Ms. Miller

Pat Miller

Managing Principal and Hospitality Practice Leader

LEO A DALY

Pat Miller is Managing Principal and Hospitality Practice Leader for LEO A DALY, an internationally renowned architecture, engineering, planning and interiors firm.

With 30 years of experience, Ms. Millerís expertise goes beyond basic design to touch every part of the hospitality industry. She has the rare ability help developers, REITs, and hotel companies develop innovative solutions to their needs for financing, teaming and problem solving. She is able to bring together a vast network of individuals and consultants to coordinate the varied, and sometimes complex, requirements of her clients. She is well known and trusted within the industry as a valued resource and confidant in the creation of solutions for hospitality opportunities.

Under her guidance, LEO A DALY is consistently ranked by magazines such as Hotel Business and Interior Design as one of the top leaders in hospitality design. She is a sought-after speaker at various industry investment conferences and tradeshows and is willing to share her knowledge and skills with others. As a result, she was awarded the Network of Executive Women in Hospitality Joyce L. Johnson Award of Excellence in the hospitality industry in 1998. Ms. Miller has also been recognized with several ASID DesignOvation awards. In 2006 she was awarded First Place Hospitality for interior design at Hotel du Pont in Wilmington, Delaware.

Ms. Miller holds and Associate of Science degree from Harcum College. Ms. Miller is affiliated with the Network of Executive Women in Hospitality (NEWH), the Society of Marketing Professional Services (SMPS) and the Urban Land Institute (ULI).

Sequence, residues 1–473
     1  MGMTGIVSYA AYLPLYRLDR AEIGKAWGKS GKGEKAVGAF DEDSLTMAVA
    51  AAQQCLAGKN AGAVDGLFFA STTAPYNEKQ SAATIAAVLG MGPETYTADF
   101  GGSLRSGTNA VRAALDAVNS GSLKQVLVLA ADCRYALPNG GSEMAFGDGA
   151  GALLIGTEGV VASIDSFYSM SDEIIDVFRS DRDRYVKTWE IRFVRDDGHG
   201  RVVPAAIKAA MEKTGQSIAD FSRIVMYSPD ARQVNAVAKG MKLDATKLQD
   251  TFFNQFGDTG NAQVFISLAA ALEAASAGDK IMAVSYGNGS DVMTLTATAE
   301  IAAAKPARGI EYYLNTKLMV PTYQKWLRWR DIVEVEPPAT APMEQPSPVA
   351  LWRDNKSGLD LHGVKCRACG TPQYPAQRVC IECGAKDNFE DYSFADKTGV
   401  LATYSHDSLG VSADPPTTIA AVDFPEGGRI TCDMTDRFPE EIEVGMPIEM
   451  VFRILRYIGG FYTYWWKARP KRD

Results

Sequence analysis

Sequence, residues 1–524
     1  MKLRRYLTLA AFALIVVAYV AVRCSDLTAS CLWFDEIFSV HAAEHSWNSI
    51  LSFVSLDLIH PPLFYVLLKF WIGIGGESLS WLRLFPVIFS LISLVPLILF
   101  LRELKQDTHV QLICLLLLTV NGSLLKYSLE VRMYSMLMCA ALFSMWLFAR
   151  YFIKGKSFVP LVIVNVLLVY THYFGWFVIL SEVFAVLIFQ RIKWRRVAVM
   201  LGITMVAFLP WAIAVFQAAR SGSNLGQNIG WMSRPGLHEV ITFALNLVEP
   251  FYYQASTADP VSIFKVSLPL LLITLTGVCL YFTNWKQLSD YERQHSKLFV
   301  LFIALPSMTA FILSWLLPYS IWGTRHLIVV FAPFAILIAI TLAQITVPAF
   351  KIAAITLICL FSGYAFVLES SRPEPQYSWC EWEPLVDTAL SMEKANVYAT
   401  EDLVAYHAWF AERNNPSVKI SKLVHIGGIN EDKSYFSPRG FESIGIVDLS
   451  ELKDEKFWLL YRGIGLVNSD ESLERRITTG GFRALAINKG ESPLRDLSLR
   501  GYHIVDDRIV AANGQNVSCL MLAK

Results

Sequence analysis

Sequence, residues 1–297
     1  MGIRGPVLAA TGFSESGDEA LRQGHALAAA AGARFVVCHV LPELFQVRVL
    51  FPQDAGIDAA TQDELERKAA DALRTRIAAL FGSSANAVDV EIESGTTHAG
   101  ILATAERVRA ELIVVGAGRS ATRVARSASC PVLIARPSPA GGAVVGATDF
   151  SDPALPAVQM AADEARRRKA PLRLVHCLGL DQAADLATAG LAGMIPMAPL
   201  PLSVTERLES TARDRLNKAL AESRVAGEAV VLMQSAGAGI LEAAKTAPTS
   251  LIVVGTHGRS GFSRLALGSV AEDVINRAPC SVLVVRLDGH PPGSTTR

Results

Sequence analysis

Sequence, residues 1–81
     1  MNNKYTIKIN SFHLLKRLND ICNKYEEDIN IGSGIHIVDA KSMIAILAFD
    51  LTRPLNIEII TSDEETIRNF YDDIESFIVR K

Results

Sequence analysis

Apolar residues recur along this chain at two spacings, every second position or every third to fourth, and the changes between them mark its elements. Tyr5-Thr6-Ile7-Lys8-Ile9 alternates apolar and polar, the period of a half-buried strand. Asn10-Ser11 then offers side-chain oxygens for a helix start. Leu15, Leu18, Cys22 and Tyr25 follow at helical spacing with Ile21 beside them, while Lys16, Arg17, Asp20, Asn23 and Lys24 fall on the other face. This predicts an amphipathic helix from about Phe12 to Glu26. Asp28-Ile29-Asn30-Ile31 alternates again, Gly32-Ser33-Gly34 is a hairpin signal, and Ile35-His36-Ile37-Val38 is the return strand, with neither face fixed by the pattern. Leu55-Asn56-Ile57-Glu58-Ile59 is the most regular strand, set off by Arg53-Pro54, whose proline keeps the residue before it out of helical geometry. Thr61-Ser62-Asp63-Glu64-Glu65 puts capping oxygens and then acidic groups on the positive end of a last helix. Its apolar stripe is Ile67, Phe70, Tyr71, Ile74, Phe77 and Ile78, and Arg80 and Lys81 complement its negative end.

Please visit http://www.leoadaly.com for more information.

Ms. Miller can be contacted at 214-526-1144 or pmiller@leoadaly.com

Coming Up In The April Online Hotel Business Review




Feature Focus
Guest Service: The Personalized Experience
In the not-too-distant future, when guests arrive at a hotel, they will check themselves in using a kiosk in the lobby, by- passing a stop at the front desk. When they call room service to order food, it will be from a hotel mobile tablet, practically eliminating any contact with friendly service people. Though these inevitable developments will likely result in delivered to their door by a robot. When they visit a restaurant, their orders will be placed and the bill will be paid some staff reduction, there is a silver lining Ė all the remaining hotel staff can be laser-focused on providing guests with the best possible service available. And for most guests, that means being the beneficiary of a personalized experience from the hotel. According to a recent Yahoo survey, 78 percent of hotel guests expressed a desire for some kind of personalization. They are seeking services that not only make them feel welcomed, but valued, and cause them to feel good about themselves. Hotels must strive to establish an emotional bond with their guests, the kind of bond that creates guest loyalty and brings them back time and again. But providing personalized service is more than knowing your guests by name. Itís leaving a bottle of wine in the room of a couple celebrating their anniversary, or knowing which guest enjoys having a fresh cup of coffee brought to their room as part of a wake-up call. Itís the small, thoughtful, personal gestures that matter most and produce the greatest effect. The April issue of the Hotel Business Review will document what some leading hotels are doing to cultivate and manage guest satisfaction in their operations.